Generally speaking, the main focus in Cuban migration studies has been on recent emigration streams to the United States, following the fall of the USSR and its consequences for Cuba’s economy and quality of life. However, historically there has been a longer migration tradition between the Canary Islands (Spain) and Cuba considering that, apart from Andalusians, many Canarians took part in the colonisation process of the Americas and settled in the “Pearl of the Antilles”, i.e. Cuba (e.g. Macías Hernández 1992). Despite this well-known historical fact, as already pointed out by Valdés Bernal (2007: 29), relatively little research has been conducted on the consequences of this migration flow from a dialectological and socio-cultural perspective, which, as such, takes into account the distinctive dialectological and socio-cultural differences that can be found between the different geographic varieties of Cuba and their speakers. Although this migration stream between the Canary Islands and Cuba has existed since the 16th century and continued up until very recently (1980), it should not be forgotten that it was also bidirectional, meaning that there was also a migration flow from Cuba to the Canary Islands, a fact that has not received any attention at all within sociolinguistics nor sociocultural studies. The current study aims to rectify this situation and will build further on previously made advances by elaborating and expanding contrastive analyses of the socio-cultural and linguistic identity markers employed by the transnational Canarian and Cuban migrants.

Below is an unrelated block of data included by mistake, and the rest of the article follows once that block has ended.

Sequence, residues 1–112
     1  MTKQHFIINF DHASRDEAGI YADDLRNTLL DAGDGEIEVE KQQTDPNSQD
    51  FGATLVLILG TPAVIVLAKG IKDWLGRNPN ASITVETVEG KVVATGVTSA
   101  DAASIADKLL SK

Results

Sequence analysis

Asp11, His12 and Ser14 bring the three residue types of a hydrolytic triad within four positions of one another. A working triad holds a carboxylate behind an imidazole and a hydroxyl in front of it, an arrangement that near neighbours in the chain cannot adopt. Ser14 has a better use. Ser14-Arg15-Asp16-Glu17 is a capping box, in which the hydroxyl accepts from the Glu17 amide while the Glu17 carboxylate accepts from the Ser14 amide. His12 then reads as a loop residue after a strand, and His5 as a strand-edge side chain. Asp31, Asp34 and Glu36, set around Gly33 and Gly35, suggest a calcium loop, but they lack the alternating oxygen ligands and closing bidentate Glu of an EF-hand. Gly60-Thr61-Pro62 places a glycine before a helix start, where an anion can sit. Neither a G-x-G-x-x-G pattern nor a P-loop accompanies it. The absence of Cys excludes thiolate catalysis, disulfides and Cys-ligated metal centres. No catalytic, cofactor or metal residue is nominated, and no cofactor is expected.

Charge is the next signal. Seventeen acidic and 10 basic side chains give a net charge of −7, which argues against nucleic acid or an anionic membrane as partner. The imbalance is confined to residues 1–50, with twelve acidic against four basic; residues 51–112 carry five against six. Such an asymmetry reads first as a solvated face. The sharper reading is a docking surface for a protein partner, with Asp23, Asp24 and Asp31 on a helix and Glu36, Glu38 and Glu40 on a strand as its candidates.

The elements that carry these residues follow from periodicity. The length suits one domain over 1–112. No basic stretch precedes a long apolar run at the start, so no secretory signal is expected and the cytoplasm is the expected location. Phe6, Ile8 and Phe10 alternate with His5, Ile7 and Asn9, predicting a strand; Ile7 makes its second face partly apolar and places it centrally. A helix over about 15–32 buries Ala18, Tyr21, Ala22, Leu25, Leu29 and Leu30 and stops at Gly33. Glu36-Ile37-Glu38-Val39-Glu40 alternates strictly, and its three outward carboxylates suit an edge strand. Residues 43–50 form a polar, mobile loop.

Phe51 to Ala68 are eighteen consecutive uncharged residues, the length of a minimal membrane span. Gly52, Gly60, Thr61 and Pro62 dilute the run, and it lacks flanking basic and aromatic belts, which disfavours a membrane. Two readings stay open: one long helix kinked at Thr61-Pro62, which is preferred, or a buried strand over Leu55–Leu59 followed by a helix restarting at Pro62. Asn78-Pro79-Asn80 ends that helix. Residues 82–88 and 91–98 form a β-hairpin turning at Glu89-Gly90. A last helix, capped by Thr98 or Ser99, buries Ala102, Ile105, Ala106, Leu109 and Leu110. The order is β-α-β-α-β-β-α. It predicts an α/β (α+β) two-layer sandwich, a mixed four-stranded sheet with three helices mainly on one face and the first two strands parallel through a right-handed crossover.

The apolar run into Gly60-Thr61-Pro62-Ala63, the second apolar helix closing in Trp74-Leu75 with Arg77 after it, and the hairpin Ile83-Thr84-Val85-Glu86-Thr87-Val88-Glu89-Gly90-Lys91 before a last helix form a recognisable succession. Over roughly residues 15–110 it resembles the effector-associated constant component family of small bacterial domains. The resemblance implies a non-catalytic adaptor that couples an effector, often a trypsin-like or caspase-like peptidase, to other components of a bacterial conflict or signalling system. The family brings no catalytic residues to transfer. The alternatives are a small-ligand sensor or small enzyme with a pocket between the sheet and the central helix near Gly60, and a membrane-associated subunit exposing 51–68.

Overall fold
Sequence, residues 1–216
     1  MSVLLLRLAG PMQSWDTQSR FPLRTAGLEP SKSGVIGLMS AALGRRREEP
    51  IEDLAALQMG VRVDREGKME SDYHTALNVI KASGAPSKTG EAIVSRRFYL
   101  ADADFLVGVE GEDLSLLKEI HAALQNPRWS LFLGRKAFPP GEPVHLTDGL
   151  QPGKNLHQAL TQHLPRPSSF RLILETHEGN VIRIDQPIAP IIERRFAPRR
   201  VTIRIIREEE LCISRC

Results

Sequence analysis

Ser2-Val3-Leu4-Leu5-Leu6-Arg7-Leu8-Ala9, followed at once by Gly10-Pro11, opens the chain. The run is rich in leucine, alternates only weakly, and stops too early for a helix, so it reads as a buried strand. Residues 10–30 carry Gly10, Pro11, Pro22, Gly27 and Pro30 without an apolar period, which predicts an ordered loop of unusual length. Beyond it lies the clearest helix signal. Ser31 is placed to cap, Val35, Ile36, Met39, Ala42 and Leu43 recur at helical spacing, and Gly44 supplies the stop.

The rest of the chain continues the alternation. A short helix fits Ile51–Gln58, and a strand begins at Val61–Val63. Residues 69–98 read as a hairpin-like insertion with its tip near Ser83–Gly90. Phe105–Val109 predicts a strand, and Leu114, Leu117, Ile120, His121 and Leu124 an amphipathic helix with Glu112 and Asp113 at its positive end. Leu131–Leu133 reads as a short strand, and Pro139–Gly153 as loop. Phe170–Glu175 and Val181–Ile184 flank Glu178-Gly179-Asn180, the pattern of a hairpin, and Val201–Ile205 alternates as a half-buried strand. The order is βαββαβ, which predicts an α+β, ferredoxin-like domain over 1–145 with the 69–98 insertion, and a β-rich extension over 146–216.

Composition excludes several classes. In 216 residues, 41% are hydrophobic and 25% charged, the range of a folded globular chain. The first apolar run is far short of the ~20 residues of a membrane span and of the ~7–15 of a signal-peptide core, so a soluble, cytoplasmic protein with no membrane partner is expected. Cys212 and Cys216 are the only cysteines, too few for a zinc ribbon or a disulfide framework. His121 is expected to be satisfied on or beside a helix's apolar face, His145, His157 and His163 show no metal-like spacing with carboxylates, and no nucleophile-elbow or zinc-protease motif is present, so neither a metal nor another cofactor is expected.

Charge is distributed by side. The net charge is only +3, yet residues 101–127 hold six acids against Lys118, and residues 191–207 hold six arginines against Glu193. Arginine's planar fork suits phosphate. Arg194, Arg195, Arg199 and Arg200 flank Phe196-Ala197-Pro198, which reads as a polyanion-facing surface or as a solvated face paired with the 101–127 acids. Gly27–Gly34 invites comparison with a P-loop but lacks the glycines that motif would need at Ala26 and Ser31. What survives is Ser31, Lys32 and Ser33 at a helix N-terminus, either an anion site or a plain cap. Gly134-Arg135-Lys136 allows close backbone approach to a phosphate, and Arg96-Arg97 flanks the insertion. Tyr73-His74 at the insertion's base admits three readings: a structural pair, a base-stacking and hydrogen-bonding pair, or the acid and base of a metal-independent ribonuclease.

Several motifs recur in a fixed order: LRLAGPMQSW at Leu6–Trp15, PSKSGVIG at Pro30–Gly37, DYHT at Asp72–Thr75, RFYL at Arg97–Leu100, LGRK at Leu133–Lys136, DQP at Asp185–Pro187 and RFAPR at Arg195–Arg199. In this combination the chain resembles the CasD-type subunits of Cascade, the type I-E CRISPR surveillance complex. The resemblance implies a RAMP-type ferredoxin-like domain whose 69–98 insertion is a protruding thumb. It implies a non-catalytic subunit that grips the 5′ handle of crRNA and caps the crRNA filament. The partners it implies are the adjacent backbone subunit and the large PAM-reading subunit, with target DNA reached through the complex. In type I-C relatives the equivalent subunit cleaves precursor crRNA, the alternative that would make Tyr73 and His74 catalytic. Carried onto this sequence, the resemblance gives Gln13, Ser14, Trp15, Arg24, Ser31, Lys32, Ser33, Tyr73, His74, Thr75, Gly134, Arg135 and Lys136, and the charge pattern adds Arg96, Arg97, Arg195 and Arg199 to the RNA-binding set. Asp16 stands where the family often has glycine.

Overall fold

While the first part of the project focussed solely on Tenerife, now other Canarian Islands will be included as well. As such, we aim to widen the geographic scope. Additionally, the thematic scope will also expand as more linguistic and socio-cultural phenomena will be studied. Concretely, the linguistic and socio-cultural association with Africa will be examined due to a shared connection with this continent, to wit the presence of African slaves, but also the Guanche, a now extinct people of Berber origin that inhabited the Canary Islands. Special attention will be paid to the effects of this African connection on the representation of women in folktales, such as the ‘islander witch’, ‘the curer’, etc.
Macías Hernández, Antonio Manuel (1992) La migración canaria, 1500-1980. Gijón: Júcar.Valdés Bernal, Sergio (2007) ‘Las bases lingüísticas del español de Cuba’. In: Domínguez Hernández, Marlen (ed.) La lengua en Cuba. Estudios. Santiago de Compostela: Universidad de Santiago de Compostela, 27-55.